Masked Scheduler's Ratings Smackdown

Dipping into the Masked Mailbox today. This is from TC:
"First, I just wanted to say that I really enjoy your columns on TV By the Numbers. Like yourself, I'm a longtime pro wrestling fan. It seems to me as though wrestling is often treated like the redheaded stepchild of the entertainment industry. However, shows from 'Mama's Family' to 'That '70s Show' to 'Charmed' have made use of wrestling seemingly to bump up their ratings on occasion. In your experience, is wrestling looked down on in the industry -- and if so, why do you believe it's viewed that way?"
I never felt that professional wrestling was scorned in the television community. Several of my co-workers at both NBC and FOX were pro wrestling fans. In fact, I went to a WrestleMania at the Rosemont arena in Chicago with one of my co-workers who is now a major player at one of the top streaming platforms.
I may have mentioned that on several occasions my love of wrestling came in handy at work. At FOX, casting would often call me in when wrestlers were in the building for a meet and greet. I hung out with Stone Cold Steve Austin, Triple H and Chyna and met with Dixie Carter and Jeff Jarrett to discuss TNA coming over to FOX.
At NBC, my colleague John Miller and I were asked to meet with Vince McMahon when he came out to sell "Smackdown" to a network. Both Shane and Stephanie McMahon were in the meeting.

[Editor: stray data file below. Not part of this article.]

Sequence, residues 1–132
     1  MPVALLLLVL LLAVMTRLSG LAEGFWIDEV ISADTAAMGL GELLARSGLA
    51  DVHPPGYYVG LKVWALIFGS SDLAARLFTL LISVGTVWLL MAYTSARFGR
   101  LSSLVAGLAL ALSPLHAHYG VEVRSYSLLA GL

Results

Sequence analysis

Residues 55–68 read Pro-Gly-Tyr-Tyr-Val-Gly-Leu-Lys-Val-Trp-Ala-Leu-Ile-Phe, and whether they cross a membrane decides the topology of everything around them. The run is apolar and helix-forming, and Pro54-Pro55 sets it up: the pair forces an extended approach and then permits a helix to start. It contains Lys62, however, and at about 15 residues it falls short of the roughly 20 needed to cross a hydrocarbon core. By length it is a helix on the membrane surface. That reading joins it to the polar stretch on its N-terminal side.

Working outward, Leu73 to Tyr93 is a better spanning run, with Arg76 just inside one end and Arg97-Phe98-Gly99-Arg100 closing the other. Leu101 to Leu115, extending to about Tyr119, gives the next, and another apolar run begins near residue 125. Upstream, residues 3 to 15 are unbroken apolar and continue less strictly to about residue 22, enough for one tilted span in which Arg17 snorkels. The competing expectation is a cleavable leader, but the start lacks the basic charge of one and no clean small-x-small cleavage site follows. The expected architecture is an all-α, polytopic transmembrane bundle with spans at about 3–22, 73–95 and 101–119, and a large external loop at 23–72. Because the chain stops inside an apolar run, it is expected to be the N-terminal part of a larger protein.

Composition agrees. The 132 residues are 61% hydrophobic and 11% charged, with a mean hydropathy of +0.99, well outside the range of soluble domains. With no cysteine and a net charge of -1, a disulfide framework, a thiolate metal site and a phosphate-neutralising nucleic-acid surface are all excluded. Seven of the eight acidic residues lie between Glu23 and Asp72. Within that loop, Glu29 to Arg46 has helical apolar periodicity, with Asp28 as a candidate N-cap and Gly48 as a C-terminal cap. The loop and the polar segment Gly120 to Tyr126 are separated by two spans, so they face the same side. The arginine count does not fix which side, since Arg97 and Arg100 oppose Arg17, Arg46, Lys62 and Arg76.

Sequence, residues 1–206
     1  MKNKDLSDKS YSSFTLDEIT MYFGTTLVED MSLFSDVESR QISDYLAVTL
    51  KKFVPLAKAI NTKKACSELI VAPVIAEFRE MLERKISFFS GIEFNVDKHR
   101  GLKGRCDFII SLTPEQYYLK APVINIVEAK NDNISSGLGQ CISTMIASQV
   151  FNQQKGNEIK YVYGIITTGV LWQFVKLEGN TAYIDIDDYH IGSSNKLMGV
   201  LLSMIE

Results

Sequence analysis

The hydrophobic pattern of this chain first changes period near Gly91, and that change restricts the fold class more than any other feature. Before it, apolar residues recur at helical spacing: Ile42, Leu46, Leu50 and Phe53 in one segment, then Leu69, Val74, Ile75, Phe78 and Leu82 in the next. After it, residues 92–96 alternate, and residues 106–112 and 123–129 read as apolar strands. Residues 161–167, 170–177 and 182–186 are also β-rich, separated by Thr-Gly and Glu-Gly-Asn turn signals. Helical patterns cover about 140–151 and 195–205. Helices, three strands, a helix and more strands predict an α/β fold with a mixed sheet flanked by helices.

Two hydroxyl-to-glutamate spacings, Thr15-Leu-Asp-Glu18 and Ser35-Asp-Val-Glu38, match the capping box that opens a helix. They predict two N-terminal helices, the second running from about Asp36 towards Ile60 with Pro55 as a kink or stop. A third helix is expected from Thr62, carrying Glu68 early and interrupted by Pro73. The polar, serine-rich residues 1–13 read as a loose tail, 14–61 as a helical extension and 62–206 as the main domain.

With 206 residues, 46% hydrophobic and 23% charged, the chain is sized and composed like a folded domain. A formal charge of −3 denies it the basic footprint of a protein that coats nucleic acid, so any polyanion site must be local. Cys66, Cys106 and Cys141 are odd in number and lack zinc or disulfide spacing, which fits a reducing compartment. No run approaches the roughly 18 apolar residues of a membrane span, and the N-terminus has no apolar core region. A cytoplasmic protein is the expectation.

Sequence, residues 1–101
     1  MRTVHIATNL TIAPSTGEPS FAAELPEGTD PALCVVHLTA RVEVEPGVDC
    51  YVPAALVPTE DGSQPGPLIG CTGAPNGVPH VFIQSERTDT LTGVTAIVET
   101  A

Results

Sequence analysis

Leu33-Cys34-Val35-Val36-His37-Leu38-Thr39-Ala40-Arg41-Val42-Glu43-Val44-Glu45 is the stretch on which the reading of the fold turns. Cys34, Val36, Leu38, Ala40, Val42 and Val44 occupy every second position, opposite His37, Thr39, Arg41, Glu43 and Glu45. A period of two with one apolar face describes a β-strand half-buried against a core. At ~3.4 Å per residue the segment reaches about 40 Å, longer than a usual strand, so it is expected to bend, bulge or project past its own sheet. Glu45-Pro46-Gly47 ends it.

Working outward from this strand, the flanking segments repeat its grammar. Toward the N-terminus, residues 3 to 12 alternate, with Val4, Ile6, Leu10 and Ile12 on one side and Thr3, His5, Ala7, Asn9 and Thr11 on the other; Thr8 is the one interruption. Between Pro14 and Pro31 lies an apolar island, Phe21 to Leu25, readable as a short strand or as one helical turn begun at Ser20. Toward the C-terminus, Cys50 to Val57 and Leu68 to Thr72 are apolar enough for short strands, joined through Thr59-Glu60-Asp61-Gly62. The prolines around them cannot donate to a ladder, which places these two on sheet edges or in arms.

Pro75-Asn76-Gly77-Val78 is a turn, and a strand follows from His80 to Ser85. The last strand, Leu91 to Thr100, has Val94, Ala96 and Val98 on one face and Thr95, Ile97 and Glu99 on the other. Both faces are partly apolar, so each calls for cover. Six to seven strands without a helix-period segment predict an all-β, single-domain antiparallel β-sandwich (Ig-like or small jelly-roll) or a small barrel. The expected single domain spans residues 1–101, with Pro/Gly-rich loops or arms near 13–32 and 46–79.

I almost went to work for the WWF during the "Saturday Night's Main Event" era, but it would have required a lot of traveling.
As I was exiting FOX, one of my friends in development showed me a soap that revolved around the business of pro wrestling. It wasn't all that good and would not have appealed to wrestling fans. I still think there is a way to do one. Of course, there is now "GLOW," which given the auspices and being on Netflix, will go a way to legitimate the sport to those in the biz.
Another TC writes:
"I see you started with the network in 1980 during the the [Fred] Silverman era and the "Proud as a Peacock" days. I know the late 1970s were dark days for NBC, but for some reason it is very special to me. From shows like 'Cliffhangers' and 'Pink Lady and Jeff' to 'B.J. and the Bear' and my personal favorite, 'Supertrain,' that's my "Must-See" NBC! Weird, I know. NBC remains my favorite network.
"Have always been interested in the marketing end of the business, ratings, and especially the fall campaigns that seem to really have their zenith in the 1970s and into the 1980s. Wanted to ask about those campaigns and any thoughts or memories you might have about them, as well as 'Supertrain.'"
"Supertrain" was before my time (fortunately, I think) at NBC, but if it inspired "Snowpiercer," then big up to it. Before Must-See TV the campaign that I remember the most was "The Quality Shows at NBC." I think we did a good job during the Grant Tinker/Brandon Tartikoff era of selling that the network had a roster of quality shows, although I never hesitated to point out that "The A-Team" played a big role in elevating NBC.
I remember debating several people about how the NBC Peacock should be used in our marketing efforts. When we brought back "Dark Shadows," I pitched the idea of putting the NBC Peacock on the screen, hearing a werewolf howl and then a drop of blood drips from the Peacock’s beak. I was told to stick to scheduling.
On Twitter it's @maskedscheduler, and the email is